An Anchorage superior court judge has dismissed felony charges in a 2018 case against a convicted serial rapist. 

Thomas Warren, 61, was arrested on July 19, 2018. Observant neighbors called 911 after they saw him acting suspiciously, putting on gloves and entering the property of a woman who lived alone. 

The incident quickly became much more than a case of an alleged neighborhood prowler when Warren was identified as a serial rapist. 

According to court documents, Warren raped multiple women during the 1980s. He was known to break into their homes and wait for them to return. In at least one assault, he used cord or twine to restrain the victim. [...]

Court records show Warren made no-contest pleas in the rapes of three different women in 1987, as well as an escape charge, for a sentence of 40 years.

One court document summarizing Warren's previous case says, "In exchange, the State dropped a number of charges, including kidnapping and the robbery charges, and agreed that it would not charge Warren in connection with nine other sexual assaults."

When confronted by police at the woman's Chester Creek area home, Warren was found to be carrying a 3-foot length of coiled rope. He said he planned to use it as a belt, but he was wearing pants that did not have belt loops.

Anchorage Police arrest Thomas Warren, 60, on July 19, 2018. (Credit: Courtesy photo)

In November 2018, an Anchorage grand jury indicted Warren on one count of first-degree attempted sexual assault and a felony count of burglary. 

In May, Assistant Public Defender Shana Bachman filed a motion to dismiss the indictment. She argued that while the door to the woman's home was found ajar and Warren was caught standing in her backyard, the state had not proved Warren entered the home and, therefore, the burglary charge must be dismissed. As for the attempted sexual assault charge, Bachman argued key evidence used to secure the indictment — Warren's prior convictions — was not properly admitted, according to Alaska's evidence rules.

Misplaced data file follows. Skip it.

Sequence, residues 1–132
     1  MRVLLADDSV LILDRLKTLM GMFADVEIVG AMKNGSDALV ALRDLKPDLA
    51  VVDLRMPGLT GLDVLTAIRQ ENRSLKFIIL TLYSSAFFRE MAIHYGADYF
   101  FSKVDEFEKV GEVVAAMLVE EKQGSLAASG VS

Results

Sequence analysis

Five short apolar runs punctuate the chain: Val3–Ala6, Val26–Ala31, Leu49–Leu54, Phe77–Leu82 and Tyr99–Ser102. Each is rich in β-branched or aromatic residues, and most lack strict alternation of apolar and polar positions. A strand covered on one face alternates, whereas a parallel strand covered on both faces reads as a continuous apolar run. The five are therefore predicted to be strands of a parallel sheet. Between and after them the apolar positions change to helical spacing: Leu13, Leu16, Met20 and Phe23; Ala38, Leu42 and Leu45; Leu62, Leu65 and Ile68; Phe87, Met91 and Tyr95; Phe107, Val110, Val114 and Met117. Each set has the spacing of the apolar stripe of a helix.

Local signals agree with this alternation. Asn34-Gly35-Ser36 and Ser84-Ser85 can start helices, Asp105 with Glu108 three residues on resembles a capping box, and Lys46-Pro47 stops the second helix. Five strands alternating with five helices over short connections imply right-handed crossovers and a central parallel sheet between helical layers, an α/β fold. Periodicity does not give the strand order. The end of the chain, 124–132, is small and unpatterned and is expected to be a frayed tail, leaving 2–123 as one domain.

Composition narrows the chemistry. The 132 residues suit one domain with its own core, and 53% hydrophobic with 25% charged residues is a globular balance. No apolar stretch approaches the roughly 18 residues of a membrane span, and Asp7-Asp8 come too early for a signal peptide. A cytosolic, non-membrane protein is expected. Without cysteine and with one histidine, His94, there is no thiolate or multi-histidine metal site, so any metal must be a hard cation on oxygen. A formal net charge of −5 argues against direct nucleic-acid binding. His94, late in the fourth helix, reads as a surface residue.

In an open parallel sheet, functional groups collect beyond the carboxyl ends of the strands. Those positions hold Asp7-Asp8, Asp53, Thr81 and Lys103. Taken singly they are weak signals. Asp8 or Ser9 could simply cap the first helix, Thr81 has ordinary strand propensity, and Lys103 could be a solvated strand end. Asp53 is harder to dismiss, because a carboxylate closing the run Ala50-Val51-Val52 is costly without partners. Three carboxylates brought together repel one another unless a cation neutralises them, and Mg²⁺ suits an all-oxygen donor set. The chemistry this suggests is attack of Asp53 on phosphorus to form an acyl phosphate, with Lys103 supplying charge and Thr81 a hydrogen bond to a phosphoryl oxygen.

Assistant District Attorney Michael Ebell, who is prosecuting the case, argued the prior convictions were admitted in accordance with Alaska evidence rules and that the grand jury was properly instructed on how to consider the evidence. He also argued the fact that Warren was carrying a rope and on the woman's property represents a "substantial step" toward sexual assault.  

This month, Anchorage Superior Court Judge Catherine Easter sided with the defense, granting the motion to dismiss the indictment against Warren. 

Ebell filed a motion Tuesday asking the court to reconsider. 

"We're considering whether or not to return to grand jury to pursue a second indictment," he said in an interview. "Before we can make that determination, we filed a motion to reconsider in order to get some clarification from the court so that if we do return to grand jury, we can address any of the issues that were raised in the motion to dismiss, correct them a second time if it's possible to correct them, and we'll have to make that determination after the court rules on the motion for reconsideration." 

Thomas Warren, 60, appears in Anchorage's Jail Court for a bail hearing on July 26, 2018. (Photo Credit: KTVA Photojournalist Jared Mazurek)

Ebell said cases involving attempted crimes are difficult to prove, but even if the state is not able to seek a new indictment on felony charges, it will pursue a misdemeanor trespassing charge. 

"This case is gonna go forward regardless of this order," he explained. "The order stands and even if we make the determination that we're unable to return to grand jury, this case would proceed as a criminal trespass, in kind of the worst case scenario from our perspective, but that certainly Mr. Warren was trespassing in this situation and we will proceed with criminal charges for trespass either in the first or second degree." 

If the state is able to prove Warren trespassed in the woman's backyard, he would be sentenced under the law in place at the time of the offense, which was Senate Bill 91, and face a maximum sentence of 10 days, according to Ebell. 

"We would still pursue that case in order to make the picture clear for the parole board in their review as to someone who committed a new crime while they were on parole versus someone who was arrested and released and never convicted of a new crime," he said. 

Warren was out of custody on mandatory parole in the summer of 2018. He is currently in custody under a parole hold, according to Ebell, which means the parole board will review his case again. 

Bachman declined to comment on behalf of Warren Wednesday, citing a policy against discussing pending cases. 

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